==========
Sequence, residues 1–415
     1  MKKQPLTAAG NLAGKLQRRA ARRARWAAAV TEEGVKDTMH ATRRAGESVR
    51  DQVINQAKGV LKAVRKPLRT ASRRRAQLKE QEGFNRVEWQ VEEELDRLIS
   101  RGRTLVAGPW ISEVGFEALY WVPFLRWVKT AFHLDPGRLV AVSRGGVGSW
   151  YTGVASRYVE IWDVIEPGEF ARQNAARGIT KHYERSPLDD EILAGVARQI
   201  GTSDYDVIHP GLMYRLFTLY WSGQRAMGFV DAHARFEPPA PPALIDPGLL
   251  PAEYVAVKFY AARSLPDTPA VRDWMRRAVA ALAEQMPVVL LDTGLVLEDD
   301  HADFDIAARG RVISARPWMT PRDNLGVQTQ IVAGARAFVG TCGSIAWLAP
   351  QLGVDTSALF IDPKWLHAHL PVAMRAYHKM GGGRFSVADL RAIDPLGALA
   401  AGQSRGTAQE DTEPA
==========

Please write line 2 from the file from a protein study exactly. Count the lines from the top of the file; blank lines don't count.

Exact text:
     1  MKKQPLTAAG NLAGKLQRRA ARRARWAAAV TEEGVKDTMH ATRRAGESVR